Julian Hector

Originally from Los Angeles, Julian studied illustration at the Parsons School of Design in New York City. He now lives and works in Austin, Texas. He is an accomplished children’s book illustrator and author and has authored and/or illustrated five published books with more on the way. Additionally, Julian is a talented designer in the technology fields of user experience and user interface (UX/UI).

Most Recent Book
This Is the Firefighter book

Profile image courtesy of Julian Hector


What was one of your favorite parts of studying in New York at the Parsons School of Design?

I loved the design immersion of it all; being around other designers, taking nothing but art and design classes, held often at the Met and the MoMA. Coming from a small town in Texas, going to Parsons was like going to Hogwarts. It felt like home.

Your illustration styles can vary a lot between your work for children’s books on one hand and technology startups on the other. What is your process for choosing a feel or style for a specific project?

When working on any project, I try never to think about style for style’s sake. The decision to hand-paint a children’s picture book or use digital tools to design a financial product for a bank, always comes down to listening and understanding the project. For me, the demands of the project determine the method and execution, which is really just another way of saying style.

For books that I’ve written, I want to transport readers, with a full sense of time and place. Hand painting brings a level of emotion that’s the best way for me to accomplish this. When I start working on teams, at companies, I’m designing within a large system that hundreds of other designers also work within. As the scale grows, utilizing digital tools is often the best way for a large team of artists and designers to create with one consistent voice.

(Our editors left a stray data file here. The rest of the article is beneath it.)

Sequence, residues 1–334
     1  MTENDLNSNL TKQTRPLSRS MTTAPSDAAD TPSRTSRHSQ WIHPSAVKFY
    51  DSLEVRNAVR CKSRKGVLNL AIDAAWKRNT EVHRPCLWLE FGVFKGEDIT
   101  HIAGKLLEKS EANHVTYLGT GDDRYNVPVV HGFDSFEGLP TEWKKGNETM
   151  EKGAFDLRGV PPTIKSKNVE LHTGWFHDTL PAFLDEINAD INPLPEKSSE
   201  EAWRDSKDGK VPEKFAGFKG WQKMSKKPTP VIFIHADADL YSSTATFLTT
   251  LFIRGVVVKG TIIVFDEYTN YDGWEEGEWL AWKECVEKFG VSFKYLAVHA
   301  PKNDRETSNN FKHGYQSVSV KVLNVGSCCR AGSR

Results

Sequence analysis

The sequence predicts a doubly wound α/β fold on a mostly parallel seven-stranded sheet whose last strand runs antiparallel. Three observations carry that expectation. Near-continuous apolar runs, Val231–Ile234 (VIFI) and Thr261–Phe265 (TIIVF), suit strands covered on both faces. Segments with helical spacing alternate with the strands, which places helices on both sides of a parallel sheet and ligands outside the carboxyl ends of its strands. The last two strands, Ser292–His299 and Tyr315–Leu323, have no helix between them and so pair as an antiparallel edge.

What is the biggest challenge you face when you’re creating illustrations for a new children’s book?

Determining the pacing; figuring out what happens where and how across 32 empty pages. Drawing a single illustration or scene is easy. Drawing 16 scenes that moves a character through an emotional arch, while keeping your reader turning the pages all the way to the end is the hard part.

What do you hope young readers experience from your illustrations?

I hope I can pass on the same sense of enjoyment that I had when I read picture books as a young reader. I was raised with stacks of picture books, and it definitely set a foundation of curiosity and learning that I’ll always carry with me.

How has reading influenced your life?

I definitely wouldn’t have written and illustrated books, if not for being a reader. I originally went to Parsons to be an architect, but quickly switched to illustration when I realized that storytelling was what I really loved.

Do you have any favorite memories of childhood reading?

I remember the first time I read a Goosbumps book as a kid. It was Welcome to Camp Nightmare, and turning each page was terrifying, but I couldn’t stop, and stayed up all night to finish the book. I had never read a book in one day like that before, and was so happy when it was over.

Do you have a favorite children’s book?

Trouble for Trumpets

What do you do to continue improving your abilities as an illustrator and author?

Keep learning and keep practicing. Boredom is one of the scariest things for me. The second I start feeling comfortable, I know it’s time to learn or try something new.

board Books

This Is the Firefighter book
fire trucks · jobs · bravery · trucks · rescue · adventure · firefighters · heroes
This Is the Firefighter


Laura Godwin
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